The Right to Take in the Eminent Domain Process

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The process in which a governmental or quasi-governmental entity can take private property for public use is called eminent domain. Commonly known as condemnation, the eminent domain process is complex and can often be interpreted differently from state to state. The important thing to know is that the eminent domain is not totally unlimited – there are areas in which the right to take can be challenged. The challenge arises when the basic eminent domain requirements for the taking are not satisfied.

In order to take property from an individual property owner, a governmental entity must satisfy two requirements. One, the property must be used for public use, as defined in the federal constitution; and two, the property owner must be paid just compensation. There is also the issue of necessity, which is a sub class of public use. Necessity is the test that determines the amount of property needed to adequately undertake the public purpose. Notably: failure for the taking to fulfill the definition of public use could be a basis for stopping the taking of the property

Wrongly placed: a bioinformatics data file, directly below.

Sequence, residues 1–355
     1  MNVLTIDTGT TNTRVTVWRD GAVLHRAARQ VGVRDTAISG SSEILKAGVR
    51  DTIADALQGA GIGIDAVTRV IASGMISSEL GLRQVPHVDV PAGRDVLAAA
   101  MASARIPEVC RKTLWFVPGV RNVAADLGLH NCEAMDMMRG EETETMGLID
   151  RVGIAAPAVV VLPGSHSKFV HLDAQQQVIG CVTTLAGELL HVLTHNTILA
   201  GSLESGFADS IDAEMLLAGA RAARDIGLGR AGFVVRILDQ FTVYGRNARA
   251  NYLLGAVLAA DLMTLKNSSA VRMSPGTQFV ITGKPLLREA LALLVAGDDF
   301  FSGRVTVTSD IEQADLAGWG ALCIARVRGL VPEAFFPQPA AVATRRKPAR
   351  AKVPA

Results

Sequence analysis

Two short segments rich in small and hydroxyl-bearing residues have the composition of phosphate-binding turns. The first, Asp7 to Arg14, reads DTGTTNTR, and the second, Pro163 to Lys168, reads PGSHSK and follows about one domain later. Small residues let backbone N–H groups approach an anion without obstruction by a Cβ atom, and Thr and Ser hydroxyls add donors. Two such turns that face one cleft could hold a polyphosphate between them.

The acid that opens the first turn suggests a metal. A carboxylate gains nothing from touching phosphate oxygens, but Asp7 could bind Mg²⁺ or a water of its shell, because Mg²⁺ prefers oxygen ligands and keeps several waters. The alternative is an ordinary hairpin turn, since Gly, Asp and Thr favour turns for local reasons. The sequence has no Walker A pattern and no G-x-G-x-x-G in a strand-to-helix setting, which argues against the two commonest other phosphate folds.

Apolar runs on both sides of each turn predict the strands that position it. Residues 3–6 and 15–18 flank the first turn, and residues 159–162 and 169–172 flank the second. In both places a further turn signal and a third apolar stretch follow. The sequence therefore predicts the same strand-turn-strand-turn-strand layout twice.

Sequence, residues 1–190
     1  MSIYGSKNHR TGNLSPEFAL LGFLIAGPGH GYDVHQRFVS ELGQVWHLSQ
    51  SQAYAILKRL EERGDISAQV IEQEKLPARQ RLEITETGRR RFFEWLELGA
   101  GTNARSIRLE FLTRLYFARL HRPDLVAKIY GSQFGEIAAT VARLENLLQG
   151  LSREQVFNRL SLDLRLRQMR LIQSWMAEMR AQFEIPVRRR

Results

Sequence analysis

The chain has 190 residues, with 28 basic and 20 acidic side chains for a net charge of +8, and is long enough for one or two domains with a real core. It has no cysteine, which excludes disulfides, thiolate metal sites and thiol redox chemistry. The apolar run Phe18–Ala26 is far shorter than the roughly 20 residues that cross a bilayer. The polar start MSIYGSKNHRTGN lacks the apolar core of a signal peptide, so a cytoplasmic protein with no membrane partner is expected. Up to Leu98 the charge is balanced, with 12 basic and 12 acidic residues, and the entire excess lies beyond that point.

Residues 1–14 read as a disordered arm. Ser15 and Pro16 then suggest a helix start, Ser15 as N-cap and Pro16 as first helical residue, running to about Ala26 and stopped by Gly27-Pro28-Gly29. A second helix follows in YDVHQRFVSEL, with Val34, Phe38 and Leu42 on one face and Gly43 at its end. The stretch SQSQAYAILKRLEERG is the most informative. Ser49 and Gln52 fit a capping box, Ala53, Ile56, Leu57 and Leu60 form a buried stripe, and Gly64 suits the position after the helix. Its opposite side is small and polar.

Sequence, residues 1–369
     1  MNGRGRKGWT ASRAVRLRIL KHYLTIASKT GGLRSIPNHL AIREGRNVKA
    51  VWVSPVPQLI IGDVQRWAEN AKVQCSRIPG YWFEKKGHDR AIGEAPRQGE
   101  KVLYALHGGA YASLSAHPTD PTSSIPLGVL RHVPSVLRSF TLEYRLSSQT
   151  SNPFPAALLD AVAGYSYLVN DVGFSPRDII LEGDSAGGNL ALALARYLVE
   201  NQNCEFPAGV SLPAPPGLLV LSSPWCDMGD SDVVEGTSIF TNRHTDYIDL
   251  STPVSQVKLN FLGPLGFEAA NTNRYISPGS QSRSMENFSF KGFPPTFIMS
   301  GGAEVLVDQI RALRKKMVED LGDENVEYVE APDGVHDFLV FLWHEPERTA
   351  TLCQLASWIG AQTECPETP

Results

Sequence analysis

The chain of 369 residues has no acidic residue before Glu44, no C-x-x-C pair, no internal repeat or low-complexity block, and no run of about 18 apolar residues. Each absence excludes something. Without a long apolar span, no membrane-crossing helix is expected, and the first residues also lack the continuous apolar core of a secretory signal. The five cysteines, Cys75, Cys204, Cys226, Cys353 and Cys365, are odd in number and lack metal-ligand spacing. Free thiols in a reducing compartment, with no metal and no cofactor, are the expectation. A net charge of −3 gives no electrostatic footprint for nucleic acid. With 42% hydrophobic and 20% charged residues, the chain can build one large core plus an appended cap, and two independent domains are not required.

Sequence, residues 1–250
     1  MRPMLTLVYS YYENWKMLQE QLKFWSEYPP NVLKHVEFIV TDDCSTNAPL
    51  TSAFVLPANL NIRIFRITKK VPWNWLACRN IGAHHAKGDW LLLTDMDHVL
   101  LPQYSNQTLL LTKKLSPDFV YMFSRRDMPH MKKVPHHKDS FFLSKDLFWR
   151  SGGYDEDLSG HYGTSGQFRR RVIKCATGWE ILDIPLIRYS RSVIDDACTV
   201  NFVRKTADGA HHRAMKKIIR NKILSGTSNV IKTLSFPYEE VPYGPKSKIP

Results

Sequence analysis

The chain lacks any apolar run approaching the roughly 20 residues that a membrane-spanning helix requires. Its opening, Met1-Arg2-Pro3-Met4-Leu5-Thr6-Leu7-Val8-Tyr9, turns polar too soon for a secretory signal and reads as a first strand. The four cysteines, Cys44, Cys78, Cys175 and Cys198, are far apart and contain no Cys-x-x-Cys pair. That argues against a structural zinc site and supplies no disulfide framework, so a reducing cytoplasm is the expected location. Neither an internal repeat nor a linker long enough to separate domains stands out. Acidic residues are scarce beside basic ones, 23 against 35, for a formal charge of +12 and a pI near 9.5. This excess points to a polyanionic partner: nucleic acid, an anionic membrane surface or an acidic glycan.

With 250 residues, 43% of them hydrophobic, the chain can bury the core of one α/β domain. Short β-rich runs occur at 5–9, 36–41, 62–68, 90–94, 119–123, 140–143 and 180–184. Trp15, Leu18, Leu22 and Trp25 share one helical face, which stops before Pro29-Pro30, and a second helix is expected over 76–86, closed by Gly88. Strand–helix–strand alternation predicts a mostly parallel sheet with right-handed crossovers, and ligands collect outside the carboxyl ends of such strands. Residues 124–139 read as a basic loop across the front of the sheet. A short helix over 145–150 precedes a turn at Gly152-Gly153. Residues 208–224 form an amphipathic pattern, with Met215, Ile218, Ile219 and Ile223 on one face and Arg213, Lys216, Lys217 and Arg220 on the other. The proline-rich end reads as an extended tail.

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DISCLAIMER: Because of the generality of this update, the information provided herein may not be applicable in all situations and should not be acted upon without specific legal advice based on particular situations.

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